In his State of the Union speech, European Commission President Juncker has praised the bloc for "bouncing back" after 10 years of crises. He has outlined bold proposals for the eurozone, trade and migration.
- European Commission President Jean-Claude Juncker has endorsed the creation of a eurozone finance minister role and a European monetary fund.
- The Commission chief has ruled out Turkish EU membership "in the foreseeable future."
- Juncker has called on European states to help improve the "scandalous" conditions in Libyan migrant centers to prevent people fleeing Africa to Italy by way of the Mediterranean.
- There were warm words for Balkan candidate countries.
- Future EU tax policy should be approved by a majority of member states, rather than the existing unanimity requirement, Juncker said.
'Wind back in Europe's sails'
Last year, European Commission President Jean Claude Juncker had little to cheer about in his flagship address before the European Parliament. If anything, it was a call to stop the collapse of the EU.
Now, a year on from Brexit and with European economies on the upswing, Wednesday's State of the Union speech struck a far more optimistic note, as Juncker praised the bloc's achievements over the last 12 months and laid out his vision for its future.
"After 10 years of crises, economies are on the rise and the European Union is bouncing back" he said. "The wind is back in Europe's sails, it now has a window of opportunity."
Protecting European businesses
On strengthening Europe's trade program, Juncker said that, "Europe has always been an attractive partner to trade with, and now countries from all over the world are knocking on our door."
Juncker cited the bloc's recent trade agreements with Canada and Japan, and called on a speedy conclusion to ongoing talks with Mexico and the South American trading bloc, Mercosur. Juncker also said talks should also begin with Australia and New Zealand.
Regulatory reforms aimed at protecting European businesses from undesired foreign takeovers and investment were also among the proposals made by the former Luxembourg prime minister.
Under the so-called investment screening proposal, any proposed takeover of "strategic EU assets" will be subject to strict criteria that must meet the values of the member state in question. That includes crucial state infrastructure - such as ports or airports - or firms dealing with security technology.
On migration, Juncker announced that the European Commission would outline a new migrant deportation policy by the end of the month.
In a call for increased border security on Europe's borders, the European Commission president emphasized the need to unburden countries, such as Greece and Italy, where many migrants have landed.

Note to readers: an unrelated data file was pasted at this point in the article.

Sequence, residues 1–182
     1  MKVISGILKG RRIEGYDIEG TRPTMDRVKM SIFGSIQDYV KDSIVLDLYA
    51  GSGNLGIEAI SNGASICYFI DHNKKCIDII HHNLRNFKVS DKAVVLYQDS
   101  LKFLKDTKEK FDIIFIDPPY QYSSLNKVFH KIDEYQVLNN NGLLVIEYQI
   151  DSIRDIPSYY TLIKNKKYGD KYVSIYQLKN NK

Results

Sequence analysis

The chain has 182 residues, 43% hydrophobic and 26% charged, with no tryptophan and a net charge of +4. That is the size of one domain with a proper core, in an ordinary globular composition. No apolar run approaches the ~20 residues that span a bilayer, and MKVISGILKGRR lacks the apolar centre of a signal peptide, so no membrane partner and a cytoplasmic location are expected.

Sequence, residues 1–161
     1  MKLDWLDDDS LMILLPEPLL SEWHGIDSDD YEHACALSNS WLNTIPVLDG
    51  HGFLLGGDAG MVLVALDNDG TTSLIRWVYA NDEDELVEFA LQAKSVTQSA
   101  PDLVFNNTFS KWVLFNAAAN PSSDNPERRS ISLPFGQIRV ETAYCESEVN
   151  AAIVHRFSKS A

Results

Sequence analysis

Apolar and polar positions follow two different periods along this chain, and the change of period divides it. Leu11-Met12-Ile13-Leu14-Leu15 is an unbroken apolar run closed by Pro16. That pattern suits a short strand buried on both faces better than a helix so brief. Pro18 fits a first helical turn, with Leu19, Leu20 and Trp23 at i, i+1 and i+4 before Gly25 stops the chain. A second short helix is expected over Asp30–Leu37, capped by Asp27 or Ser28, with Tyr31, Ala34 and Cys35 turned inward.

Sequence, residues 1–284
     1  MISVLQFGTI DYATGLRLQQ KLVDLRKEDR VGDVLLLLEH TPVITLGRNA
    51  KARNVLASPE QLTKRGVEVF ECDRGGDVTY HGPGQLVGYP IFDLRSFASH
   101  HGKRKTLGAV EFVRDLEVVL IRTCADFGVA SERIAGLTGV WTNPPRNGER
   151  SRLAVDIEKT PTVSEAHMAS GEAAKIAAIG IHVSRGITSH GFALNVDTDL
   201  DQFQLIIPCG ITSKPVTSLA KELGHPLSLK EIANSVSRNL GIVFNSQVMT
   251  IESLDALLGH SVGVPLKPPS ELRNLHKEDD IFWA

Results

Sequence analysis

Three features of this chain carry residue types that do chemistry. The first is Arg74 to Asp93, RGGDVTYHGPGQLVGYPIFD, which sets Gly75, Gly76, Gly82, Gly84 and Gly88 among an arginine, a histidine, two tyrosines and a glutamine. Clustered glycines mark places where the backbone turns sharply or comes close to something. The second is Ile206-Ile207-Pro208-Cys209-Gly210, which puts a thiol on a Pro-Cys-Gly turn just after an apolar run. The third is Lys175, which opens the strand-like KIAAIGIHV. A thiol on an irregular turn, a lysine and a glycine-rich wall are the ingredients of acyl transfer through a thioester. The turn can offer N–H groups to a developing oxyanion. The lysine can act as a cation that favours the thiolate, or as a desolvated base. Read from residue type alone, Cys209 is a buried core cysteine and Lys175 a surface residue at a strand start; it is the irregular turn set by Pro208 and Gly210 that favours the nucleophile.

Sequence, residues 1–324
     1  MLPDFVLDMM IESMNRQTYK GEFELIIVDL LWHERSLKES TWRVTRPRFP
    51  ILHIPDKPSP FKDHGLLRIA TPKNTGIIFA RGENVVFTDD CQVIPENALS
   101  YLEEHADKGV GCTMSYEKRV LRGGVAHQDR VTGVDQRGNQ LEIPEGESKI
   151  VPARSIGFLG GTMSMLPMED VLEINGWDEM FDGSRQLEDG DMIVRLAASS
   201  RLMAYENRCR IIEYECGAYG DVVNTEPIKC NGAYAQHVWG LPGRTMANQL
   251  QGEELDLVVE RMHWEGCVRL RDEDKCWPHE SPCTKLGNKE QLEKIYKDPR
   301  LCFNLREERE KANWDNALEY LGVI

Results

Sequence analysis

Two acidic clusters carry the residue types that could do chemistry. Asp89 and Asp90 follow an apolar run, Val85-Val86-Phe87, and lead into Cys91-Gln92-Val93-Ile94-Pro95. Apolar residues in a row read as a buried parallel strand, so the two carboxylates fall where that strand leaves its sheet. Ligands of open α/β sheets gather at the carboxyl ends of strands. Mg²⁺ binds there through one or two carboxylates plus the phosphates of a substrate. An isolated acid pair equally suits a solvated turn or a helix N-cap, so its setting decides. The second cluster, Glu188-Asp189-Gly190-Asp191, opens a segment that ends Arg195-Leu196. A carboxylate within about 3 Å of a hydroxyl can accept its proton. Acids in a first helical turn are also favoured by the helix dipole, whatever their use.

"Italy saves Europe's honor," said Juncker, praising the Mediterranean nation for its perseverance and generosity in its handling of the crisis.
Juncker furthermore called on EU member states to work together to improve the "scandalous" conditions for migrants in Libya.
The Commission chief endorsed key reforms to Europe's economic and monetary union, namely the creation of a eurozone finance minister and a European monetary fund.
Juncker's proposal could be music to the ears of French President Emmanuel Macron, who has argued that the euro needs its own, stronger institutions to prevent another debt crisis. However, the proposal will likely be met with tepid reactions in Berlin, which has largely dismissed reform calls for the common currency.
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The Commission chief said the new finance minister role would combine the roles of EU commissioner and the head of the Eurogroup.
Juncker also endorsed an EU-wide adoption of the euro currency. Denmark and Sweden, who in referendums both rejected the euro, would be exempt.
German Finance Minister Wolfgang Schäuble welcomed Juncker's idea for pan-EU use of the euro, but said the same conditions must be met by all member states.
"It's good that he's applying some pressure and picking up the tempo," for adoption of the euro across the bloc, said Schäuble, but said that countries must demonstrate that they "have a stable, hard currency," first.
Strong words for Poland, Hungary and Turkey
Brussels' recent tensions with Poland and Hungary have prompted concerns over the safeguarding of EU values in eastern Europe.
"Those states who are not capable of democracy, are not worthy of Europe," Juncker said.
The governments of both countries have taken an illiberal turn in recent years. The Polish government's decision to push through judicial reforms allowing the government to elect Supreme Court judges has led the Commission to threaten invoking "Article 7" of the European Treaty, which would suspend Poland's EU voting rights and even cut off EU funding.
That attack was also aimed at Turkey, which he accused of "creating ground for membership talks to fail" and "moving away from the European Union in leaps and bounds."
Ankara's attitude "rules out EU membership for Turkey in the foreseeable future," the European Commission President said.
There were, however, warm words for the western Balkan states, which Juncker said should have a realistic chance of joining the EU by 2019.
dm/kms (AP, AFP, Reuters, dpa)